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Material Properties
1. Why do pans have non-metal handles?
2. Why is a space shuttle
covered in ceramic tiles?
3. Why is cement better in compression
and string better in tension?
1. Types of Materials
2. Atomic Structure
3. Bonding/Material Structure
4. Bulk Material Properties
5. Material Testing
1. Crystals/Metals (Fe, Cu, Al, quartz)
Atoms and molecules are systematically
arranged during solidification
2. Glasses and Ceramics (sand, brick, window
High viscosity during solidification prevents
3. Polymers (rubber, plastics, DNA, proteins)
Long chains of simple molecular structures.
4. Composites (plywood, cement and rebar)
Use of two or more materials to obtain
engineering properties
Atomic Structure
1. What does an atom look like and what are
its components?
2. How big are the electrons shells compared
to the nucleus?
Atomic Structure
1) Composition:
A) Nucleus: protons(+) and neutrons(o)
B) Electrons(-)
2) ~10-10m across = 0.0000000001m
3) Neutral charge
#electrons = #protons
4) Electrons orbit around the nucleus
5) Reactivity with other atoms
depends on # of electrons in
outermost shell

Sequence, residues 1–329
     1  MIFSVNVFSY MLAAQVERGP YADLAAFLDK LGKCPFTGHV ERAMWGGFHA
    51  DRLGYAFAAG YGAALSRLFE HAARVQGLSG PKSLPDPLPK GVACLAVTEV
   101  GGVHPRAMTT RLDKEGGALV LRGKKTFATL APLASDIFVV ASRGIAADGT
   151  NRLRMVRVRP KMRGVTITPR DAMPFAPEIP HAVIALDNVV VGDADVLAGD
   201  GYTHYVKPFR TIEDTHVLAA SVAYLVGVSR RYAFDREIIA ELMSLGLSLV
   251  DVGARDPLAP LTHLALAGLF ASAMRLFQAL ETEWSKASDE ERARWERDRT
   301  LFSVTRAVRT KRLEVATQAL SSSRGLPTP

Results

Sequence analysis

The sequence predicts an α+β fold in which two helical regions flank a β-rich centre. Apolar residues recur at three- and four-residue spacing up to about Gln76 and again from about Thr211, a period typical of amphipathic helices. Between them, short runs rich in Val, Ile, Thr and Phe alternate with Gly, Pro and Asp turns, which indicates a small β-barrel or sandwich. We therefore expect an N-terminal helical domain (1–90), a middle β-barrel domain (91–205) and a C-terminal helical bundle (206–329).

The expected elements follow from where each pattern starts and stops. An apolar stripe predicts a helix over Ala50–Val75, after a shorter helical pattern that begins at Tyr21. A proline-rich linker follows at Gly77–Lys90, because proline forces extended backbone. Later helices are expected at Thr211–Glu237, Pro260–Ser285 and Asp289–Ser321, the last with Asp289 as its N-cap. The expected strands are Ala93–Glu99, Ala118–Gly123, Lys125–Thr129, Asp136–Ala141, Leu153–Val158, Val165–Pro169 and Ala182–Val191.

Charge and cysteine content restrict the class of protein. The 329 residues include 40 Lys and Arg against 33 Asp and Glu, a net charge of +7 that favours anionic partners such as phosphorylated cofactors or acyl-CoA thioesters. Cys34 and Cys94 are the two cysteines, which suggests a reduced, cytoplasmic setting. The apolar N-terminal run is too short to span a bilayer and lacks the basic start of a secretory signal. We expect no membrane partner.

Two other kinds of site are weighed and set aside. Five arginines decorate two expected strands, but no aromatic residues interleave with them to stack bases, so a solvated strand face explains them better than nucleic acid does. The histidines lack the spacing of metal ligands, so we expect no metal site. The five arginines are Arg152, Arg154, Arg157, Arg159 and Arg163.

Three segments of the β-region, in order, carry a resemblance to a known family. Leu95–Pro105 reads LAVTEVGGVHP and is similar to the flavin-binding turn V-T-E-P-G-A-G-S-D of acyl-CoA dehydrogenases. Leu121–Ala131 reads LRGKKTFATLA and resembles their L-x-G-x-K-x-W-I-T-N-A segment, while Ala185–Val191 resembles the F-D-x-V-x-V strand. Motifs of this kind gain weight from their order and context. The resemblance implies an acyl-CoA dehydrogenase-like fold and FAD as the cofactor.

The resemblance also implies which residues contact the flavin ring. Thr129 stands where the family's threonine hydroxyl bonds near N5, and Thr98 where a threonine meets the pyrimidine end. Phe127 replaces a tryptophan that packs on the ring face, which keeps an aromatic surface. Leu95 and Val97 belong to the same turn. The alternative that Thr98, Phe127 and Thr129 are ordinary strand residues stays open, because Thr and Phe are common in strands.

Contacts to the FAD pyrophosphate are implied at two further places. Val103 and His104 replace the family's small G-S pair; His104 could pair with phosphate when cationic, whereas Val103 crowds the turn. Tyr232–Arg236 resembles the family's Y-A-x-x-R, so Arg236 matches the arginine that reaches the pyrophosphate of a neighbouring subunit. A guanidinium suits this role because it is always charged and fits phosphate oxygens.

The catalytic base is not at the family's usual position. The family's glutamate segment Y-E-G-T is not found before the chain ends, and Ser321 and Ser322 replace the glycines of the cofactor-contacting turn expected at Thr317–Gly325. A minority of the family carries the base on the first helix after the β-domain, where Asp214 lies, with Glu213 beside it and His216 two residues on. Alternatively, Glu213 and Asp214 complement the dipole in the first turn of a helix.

6) Electrons in outermost shell are
called “valence” electrons
Primary Bonding
Ionic: transfer of electrons between metal
and non-metal ion (NaCl and ceramics)
Covalent: localized sharing of electrons
(ceramics, diamond, glass, wood)
Metallic: delocalized sharing of electrons
Secondary Bonding
Van der Waals: weak forces that attract
neutral molecules to another other in gases
Hydrogen Bonding: attractive force between
molecules arising from the interaction
between hydrogen atom and N, O, or F
1. Why are metals ductile and ionic solid
(ceramics) brittle?
2. How does a material react to pushing
or pulling?
3. How do atoms react to pushing or
Material Properties
Stress and strain
Hooke’s law
Springs, paper clip, silly putty
Plastic deformation
Stress-Strain Curve
What would the stress-strain curve look like for
a ceramic material?
What about for polymer?
How would temperature affect the polymer?
Materials Testing
Compressive Strength:
The maximum compressive stress a
material can withstand without failure
Crushing or buckling failure
Failure depends on the material’s
geometry and support
Euler buckling load
Testing spaghetti
Materials Testing
Fracture Strength:
Bending Test
 What’s going on in the center of the material?
Lab: Measure deflection of spaghetti under a given
Tensile Strength Test
 Lab: Measure fracture strength of sample under
Charpy V-notch Test
Toughness: resistance to fracture of a material when stressed
(defined as area under stress-strain curve)
Amount of energy absorbed in fracture
Classifies material as either brittle or ductile
Brittle: absorbs small amount of energy
Ductile: absorbs large amount of energy